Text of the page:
I used the CMOS version of the '555 ( Much lower power and no nasty current spikes on the supply rail, but the output starts to sag sourcing more than about 1mA from a 5v supply. The (open drain) discharge output can easily sink 15mA and an external active pull-up ensures a large enough source current. Driving the timing resistor from the output of a standard (bipolar) '555 doesn't work as well, the output 'High' voltage is only about 3.5v which is only just above the 2/3Vcc upper threshold of the comparator section. This will give a very asymmetric M:S ratio. see (

An inductor L2, originally a 1mH unshielded inductor, was added to attenuate the harmonic content of the square wave. This had such a large stray field that probing with a ‘scope was difficult. It was replaced by a toroidal inductor, which cured the problem. The DC block (C12) was chosen to resonate with this inductor. The pot network was chosen to give an adjustment range of around –20 +40% to allow for the effect of test leads. Protection against charged capacitors was provided by C11 an X2 rated capacitor. Its reactance was cancelled by L1 another toroidal inductor.

Without L1 the reactance of C11 (3.5 ohm) would raise the source impedance 4 ohm. This would mean that mid scale would be around 5 ohm and, for example, that the current for an ESR of 0.2 ohm would be 2.6% below FSD rather than 9.1% below FSD. (All assuming that the reactance ot the test capacitor is negligible.) The loss associated with C11 & L1 added less than 0.2 ohm to the effective value of Rs. With a loaded Q of less than 2 (Xc = 3.5, Rs = 2) minor frequency drift should not cause problems. As a bonus the reactance of C11 at 50Hz is 6.8k so any mains pick-up will be attenuated by 76dB. Protection was completed by D5 to D8. (I had a senior moment here, a single pair of back- to-back diodes between R16 and R18 would have been better.)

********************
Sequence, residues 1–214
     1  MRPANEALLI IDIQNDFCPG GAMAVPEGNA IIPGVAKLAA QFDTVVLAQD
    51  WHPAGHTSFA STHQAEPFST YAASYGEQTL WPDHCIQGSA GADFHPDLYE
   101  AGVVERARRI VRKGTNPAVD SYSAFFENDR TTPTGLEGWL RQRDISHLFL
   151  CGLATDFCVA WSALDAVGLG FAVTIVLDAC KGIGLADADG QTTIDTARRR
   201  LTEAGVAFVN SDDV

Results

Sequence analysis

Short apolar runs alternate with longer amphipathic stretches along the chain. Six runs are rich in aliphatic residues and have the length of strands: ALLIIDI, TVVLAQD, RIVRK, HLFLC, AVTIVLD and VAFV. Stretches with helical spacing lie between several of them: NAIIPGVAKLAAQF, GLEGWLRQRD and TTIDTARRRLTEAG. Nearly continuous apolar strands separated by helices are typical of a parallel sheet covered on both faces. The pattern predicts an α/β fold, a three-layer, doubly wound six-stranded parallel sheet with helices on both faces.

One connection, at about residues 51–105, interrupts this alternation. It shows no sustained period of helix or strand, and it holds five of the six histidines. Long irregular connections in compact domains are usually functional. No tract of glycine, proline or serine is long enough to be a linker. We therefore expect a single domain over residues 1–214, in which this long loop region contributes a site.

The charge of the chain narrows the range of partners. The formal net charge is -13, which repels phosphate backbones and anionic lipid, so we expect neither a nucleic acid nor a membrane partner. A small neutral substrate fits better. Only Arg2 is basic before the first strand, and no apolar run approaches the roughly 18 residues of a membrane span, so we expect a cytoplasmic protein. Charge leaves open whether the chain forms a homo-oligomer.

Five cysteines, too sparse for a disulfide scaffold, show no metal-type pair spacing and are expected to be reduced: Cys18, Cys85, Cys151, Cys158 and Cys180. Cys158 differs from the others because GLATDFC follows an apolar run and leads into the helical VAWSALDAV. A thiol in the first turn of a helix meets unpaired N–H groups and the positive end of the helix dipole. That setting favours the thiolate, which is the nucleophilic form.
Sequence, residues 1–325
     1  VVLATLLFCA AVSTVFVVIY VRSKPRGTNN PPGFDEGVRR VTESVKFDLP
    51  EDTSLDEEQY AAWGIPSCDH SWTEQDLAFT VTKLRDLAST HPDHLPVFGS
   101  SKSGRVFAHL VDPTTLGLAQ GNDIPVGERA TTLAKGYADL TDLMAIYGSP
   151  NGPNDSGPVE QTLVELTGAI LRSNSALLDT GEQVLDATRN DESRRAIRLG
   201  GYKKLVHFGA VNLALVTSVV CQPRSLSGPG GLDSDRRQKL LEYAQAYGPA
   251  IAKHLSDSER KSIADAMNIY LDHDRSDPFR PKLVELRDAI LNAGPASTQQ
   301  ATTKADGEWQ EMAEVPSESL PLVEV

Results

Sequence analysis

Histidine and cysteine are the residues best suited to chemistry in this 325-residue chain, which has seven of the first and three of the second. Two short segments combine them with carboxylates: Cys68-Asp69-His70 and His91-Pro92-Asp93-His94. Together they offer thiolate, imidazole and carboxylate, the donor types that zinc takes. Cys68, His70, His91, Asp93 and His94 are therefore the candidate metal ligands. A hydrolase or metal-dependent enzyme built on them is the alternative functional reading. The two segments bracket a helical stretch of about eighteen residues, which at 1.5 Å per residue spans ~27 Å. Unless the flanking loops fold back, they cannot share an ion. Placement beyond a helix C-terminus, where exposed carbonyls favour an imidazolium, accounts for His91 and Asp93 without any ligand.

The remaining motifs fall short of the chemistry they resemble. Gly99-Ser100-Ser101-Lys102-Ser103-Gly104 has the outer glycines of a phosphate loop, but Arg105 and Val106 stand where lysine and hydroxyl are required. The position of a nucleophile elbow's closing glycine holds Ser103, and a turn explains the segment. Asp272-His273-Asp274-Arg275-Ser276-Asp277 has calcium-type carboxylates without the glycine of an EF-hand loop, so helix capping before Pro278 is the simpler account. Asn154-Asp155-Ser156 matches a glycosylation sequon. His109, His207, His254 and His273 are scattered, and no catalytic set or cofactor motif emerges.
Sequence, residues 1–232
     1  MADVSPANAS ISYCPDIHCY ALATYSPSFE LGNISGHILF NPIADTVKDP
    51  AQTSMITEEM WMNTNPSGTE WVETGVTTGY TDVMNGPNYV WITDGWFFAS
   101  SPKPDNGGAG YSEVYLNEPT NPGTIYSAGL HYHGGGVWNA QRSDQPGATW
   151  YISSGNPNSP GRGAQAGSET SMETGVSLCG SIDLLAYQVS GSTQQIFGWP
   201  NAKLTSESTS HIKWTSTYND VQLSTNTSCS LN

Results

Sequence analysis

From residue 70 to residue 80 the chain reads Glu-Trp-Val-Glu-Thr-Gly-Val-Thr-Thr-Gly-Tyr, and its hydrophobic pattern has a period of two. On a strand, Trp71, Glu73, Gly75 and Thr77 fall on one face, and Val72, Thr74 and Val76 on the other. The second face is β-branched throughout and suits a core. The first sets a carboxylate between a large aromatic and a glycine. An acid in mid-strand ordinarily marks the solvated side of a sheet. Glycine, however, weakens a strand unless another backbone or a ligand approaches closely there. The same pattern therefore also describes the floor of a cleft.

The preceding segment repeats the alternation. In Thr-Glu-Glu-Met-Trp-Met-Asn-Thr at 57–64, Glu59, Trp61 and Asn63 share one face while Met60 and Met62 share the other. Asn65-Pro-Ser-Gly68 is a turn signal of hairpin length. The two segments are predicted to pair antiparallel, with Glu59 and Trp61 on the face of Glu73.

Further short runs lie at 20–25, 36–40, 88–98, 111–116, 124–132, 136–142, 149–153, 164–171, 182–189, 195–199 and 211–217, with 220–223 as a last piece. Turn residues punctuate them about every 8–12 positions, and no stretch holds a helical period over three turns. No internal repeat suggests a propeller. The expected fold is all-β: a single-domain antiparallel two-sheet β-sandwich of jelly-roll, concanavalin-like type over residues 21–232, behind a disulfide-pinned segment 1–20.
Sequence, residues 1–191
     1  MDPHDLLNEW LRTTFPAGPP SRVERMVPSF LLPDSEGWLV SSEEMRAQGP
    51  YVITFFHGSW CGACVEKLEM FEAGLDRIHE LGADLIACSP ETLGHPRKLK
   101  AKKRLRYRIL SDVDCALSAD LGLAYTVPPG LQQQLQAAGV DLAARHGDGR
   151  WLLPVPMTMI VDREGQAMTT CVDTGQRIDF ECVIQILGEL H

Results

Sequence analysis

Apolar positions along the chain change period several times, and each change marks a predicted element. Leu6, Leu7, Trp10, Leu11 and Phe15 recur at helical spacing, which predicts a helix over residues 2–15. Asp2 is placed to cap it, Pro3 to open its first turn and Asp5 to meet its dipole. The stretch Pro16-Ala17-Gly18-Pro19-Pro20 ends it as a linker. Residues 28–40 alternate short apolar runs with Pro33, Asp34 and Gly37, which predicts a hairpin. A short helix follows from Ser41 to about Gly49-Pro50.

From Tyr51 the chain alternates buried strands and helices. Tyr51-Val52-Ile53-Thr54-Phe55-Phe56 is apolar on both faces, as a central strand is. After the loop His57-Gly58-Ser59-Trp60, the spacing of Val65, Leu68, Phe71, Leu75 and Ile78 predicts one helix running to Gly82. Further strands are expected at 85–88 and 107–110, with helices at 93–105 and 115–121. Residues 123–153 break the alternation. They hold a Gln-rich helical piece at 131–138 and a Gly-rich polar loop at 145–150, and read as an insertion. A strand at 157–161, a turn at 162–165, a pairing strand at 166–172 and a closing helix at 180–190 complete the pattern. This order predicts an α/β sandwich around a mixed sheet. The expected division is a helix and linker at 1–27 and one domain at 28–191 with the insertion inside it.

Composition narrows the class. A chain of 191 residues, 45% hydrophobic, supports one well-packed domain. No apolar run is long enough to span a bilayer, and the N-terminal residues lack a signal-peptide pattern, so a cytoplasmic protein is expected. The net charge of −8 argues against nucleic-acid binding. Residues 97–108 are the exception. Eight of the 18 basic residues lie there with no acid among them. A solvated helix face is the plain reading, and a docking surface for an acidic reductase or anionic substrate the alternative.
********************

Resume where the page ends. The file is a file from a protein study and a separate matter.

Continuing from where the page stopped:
Finally there was the problem of re-scaling the meter. First I measured the meter reading for a range of known resistors. Then I removed the scale plate and scanned it (with steel rules as a reference). By importing the scan into TurboCAD I was able to accurately measure the dimensions (both linear and angular). After a steep learning curve I found that it was fairly easy to draw the new scale and even tilt the numbers to match.

Current consumption for the completed unit was 3.7mA.

A perfect 1uF capacitor should give an apparent ESR of 0.56 ohm with Rs = 2 ohm. I measured a film 1uF capacitor and got a reading just below 0.5 ohm. The slight discrepancy is caused by losses in L1 / C11 raising Rs to around 2.2 ohm.


ps just noticed a mistake in my original post, T4 is a ZTX502 (not 302)If the high voltage protection is omitted, the source may be simplified and no inductors are required.

What so special about this one is its using very-very low test voltage at 100Khz, under simulation I've done at ltspice it shows the test voltage across the cap is under 5 mV pp and find it very interesting and works great at the simulation of course. Also the test signal is almost in pure sine wave instead of common used square signal.